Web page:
TORONTO —
“Digital medicine” in the form of a video game could improve attention levels in kids with ADHD, a new study suggests.

U.S. research, published this week in The Lancet medical journal but conducted in 2017, showed a group of children aged eight to 12 had “significantly improved performance” in attention after a four week trial.

ADHD is a childhood-onset disorder, with symptoms including persistent impaired attention, hyperactivity and impulsivity, with difficulties often continuing into adulthood, the study authors wrote. Existing treatments include behavioural therapy and medication.

For the study, 348 children with ADHD were asked to play the game, labelled AKL-TO1, on a tablet for 25 minutes per day, five days a week.

Users race through a course, dodge obstacles and capture rewards to advance to the next level in play that requires quick reaction time and decision-making and increases in difficulty in response to the player’s skills.

According to the games designers, Boston-based Akili Interactive Labs, AKL-TO1 targets parts of the prefrontal cortex that assist in cognitive control and are believed to be deficient in people with ADHD.

“The active intervention AKL-T01 significantly improved performance on the primary outcome measure—an objective measure of attention in paediatric patients with ADHD compared with the control condition,” the study authors wrote.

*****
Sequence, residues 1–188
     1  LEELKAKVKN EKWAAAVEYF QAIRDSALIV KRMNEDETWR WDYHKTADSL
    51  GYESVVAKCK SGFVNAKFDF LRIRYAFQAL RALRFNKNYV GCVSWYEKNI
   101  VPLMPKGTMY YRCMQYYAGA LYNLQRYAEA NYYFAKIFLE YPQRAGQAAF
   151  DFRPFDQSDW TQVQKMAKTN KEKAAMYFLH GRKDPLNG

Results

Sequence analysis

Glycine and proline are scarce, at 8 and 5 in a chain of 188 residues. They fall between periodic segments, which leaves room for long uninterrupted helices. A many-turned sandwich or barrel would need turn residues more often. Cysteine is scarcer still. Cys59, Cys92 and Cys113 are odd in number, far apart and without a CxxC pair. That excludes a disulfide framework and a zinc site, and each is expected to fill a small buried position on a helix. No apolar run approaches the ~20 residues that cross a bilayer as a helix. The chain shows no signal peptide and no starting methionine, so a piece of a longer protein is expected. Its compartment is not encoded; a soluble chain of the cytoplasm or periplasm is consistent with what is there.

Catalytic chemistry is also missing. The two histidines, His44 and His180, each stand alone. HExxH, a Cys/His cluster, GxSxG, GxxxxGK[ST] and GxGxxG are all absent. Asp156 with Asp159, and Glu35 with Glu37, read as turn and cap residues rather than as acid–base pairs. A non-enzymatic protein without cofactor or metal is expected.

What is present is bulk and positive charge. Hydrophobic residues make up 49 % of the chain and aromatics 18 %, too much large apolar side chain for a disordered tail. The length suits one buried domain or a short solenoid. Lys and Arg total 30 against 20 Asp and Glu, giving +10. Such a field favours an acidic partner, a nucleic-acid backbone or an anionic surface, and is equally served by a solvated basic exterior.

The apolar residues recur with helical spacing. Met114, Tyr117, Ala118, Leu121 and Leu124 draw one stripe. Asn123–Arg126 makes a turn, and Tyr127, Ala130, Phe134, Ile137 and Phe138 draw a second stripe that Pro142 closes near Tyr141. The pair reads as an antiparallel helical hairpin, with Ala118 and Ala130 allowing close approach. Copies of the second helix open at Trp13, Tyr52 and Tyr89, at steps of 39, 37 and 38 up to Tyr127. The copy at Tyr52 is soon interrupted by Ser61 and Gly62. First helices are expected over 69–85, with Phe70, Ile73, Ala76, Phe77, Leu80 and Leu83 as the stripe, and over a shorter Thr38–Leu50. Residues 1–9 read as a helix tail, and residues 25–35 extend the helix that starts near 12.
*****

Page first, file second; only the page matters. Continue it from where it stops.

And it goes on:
Adverse events were mild and included frustration and headache, the authors said.

Funding for the study was sponsored by the game makers.

“Software or game companies have marketed products they say can improve attention, but to date, none of these products have gone through the rigorous testing required by the FDA to become an approved treatment for ADHD,” said principal investigator Scott Kollins, Ph.D., a member of the Duke Clinical Research Institute and director of the ADHD program at the Duke University School of Medicine.

“This study represents, to my knowledge, the largest and most rigorous evaluation of a digital medicine. Continued work on this approach could mean that in a few years, doctors could be prescribing a therapeutic video game to improve a patient’s ADHD symptoms.”

But the study authors admitted more studies over a longer timeframe are needed.

“Given these limitations, the results of the current trial are not sufficient to suggest that AKL-T01 should be used as an alternative to established and recommended treatments for ADHD,” the authors said.

The authors said the game mimicked “one component of the classroom situation in which children are required to remain seated and engaged in a tedious, repetitive task…real-world settings in which children with ADHD often struggle.”

Participants were also evaluated using other methods to detect improvements in their attention and behavior, but differences between treatment and control groups on these measures were not statistically significant, the researchers said.



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